Baby Delilah wearing a grey dress and grey bowDelilah made her entrance into this world 10 weeks premature and weighing just 3 lbs 6 oz. She was born at the military hospital on Joint Base Elmendorf/Richardson but needed to be transported to The Children’s Hospital at Providence’s Newborn Intensive Care Unit immediately. Providence’s NICU transport team was on hand for the birth and had Delilah moved within the hour.

Delilah’s first feeding was with donor milk because her mom Traci was not able to join her at Providence until she was discharged eight hours later. As soon as Traci arrived the nurses and respiratory therapist were able to assist her with kangaroo care, a skin-to-skin contact technique which helps premature babies develop and bond with their parents. During her early days in the NICU Delilah needed respiratory and feeding support, which meant she had a feeding tube, was connected to a ventilator and spent most of her time in a neonatal incubator.

After several weeks and multiple obstacles, Delilah was able to feed on her own, move out of the incubator, and eventually after 45 days in the NICU making great improvements she was discharged home with her family.

During her stay in the NICU Delilah was the only member of her family who was a patient, but her whole family was cared for by Providence’s NICU team. The entire unit was designed to accommodate families, from the private parent sleep area in each room, to the parent dining and lounge areas, to the numerous family support staff on hand.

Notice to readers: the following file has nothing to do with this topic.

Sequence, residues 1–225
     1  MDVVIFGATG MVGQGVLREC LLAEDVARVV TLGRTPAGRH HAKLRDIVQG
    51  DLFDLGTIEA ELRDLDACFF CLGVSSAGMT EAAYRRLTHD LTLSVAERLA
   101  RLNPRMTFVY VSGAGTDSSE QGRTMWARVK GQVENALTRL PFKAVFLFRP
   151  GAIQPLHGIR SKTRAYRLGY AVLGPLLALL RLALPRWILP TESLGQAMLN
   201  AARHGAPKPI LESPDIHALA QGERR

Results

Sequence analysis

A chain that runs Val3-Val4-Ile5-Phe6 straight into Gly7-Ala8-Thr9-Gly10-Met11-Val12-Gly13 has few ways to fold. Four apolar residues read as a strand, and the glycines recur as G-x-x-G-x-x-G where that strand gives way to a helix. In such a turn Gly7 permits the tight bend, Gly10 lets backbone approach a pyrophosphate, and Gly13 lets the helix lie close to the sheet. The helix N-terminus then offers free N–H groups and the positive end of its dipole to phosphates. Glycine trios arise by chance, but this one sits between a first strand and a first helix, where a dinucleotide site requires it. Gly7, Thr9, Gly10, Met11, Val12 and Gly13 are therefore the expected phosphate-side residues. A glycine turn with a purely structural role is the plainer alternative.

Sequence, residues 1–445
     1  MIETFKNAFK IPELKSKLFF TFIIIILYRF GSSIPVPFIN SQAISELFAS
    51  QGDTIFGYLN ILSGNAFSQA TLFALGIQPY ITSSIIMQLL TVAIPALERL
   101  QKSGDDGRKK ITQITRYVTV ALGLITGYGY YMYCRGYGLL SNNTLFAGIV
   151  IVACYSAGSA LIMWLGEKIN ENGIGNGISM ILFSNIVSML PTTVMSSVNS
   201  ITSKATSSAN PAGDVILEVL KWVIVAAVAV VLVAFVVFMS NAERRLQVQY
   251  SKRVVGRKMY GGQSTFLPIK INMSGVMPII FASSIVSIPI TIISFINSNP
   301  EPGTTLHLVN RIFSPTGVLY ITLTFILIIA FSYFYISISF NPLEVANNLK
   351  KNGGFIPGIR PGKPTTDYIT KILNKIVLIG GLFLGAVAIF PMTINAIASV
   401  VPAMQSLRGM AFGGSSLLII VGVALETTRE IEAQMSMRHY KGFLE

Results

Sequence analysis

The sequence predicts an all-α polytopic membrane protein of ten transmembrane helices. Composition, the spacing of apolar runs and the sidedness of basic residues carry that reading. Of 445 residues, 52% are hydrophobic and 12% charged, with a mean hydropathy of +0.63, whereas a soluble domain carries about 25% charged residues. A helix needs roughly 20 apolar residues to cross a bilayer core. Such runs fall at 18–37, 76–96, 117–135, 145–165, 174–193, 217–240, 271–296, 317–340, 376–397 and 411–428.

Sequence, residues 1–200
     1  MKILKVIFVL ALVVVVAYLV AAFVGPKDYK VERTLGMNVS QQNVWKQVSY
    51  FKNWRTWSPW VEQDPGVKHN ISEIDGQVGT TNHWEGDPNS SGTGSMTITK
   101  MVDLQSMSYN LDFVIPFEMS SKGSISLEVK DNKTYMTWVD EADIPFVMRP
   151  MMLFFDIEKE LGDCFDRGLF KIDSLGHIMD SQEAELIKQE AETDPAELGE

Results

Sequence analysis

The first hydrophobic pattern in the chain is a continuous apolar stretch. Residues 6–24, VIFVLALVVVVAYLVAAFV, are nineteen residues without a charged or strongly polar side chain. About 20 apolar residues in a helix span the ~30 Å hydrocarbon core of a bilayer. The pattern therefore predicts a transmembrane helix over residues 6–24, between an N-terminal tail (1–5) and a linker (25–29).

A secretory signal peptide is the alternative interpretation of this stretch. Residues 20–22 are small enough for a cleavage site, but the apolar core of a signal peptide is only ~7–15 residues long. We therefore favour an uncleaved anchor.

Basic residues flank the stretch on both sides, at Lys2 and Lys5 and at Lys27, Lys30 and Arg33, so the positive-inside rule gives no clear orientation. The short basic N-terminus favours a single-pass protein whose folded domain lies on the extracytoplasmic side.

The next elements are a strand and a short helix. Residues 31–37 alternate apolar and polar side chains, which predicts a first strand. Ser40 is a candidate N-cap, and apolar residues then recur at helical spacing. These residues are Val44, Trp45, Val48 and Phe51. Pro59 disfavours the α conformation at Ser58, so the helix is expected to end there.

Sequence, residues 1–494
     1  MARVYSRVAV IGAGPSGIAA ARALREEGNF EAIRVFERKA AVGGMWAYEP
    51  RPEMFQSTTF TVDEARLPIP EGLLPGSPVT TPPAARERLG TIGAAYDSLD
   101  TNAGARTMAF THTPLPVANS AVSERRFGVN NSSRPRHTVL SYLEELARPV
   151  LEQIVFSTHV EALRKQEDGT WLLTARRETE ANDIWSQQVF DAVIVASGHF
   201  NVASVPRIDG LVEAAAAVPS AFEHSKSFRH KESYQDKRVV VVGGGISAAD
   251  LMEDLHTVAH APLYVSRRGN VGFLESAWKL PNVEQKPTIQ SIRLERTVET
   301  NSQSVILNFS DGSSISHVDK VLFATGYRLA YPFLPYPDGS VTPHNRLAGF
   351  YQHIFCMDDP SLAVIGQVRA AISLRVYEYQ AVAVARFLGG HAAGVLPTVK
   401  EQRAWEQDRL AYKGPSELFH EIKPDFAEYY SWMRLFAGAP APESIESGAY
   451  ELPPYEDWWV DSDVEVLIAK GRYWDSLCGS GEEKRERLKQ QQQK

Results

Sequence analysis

“The nurses and staff go above and beyond to help manage the stress and take some weight off your shoulders” – Traci

Donations to the Children’s Hospital at Providence had a wonderful impact on Delilah’s family during their time here. Before Delilah arrived in the NICU, generous donors to Providence Alaska Foundation provided the NICVIEW webcam system in every room of the NICU. 

Delilah’s father Marques, a member of a military service, had to travel during her hospitalization. NICVIEW allowed him to see live video of his daughter whenever he needed to be reassured of her well-being during his time away from the hospital. This system also allowed her grandparents in Washington and California to see Delilah as well.

Delilah is now months out of the hospital and doing well. Her family is grateful to the whole NICU team for providing excellent medical care and making them feel at home during their time here.

“After all the hurdles we went through we were left with a happy healthy baby and lifelong friends” -Traci

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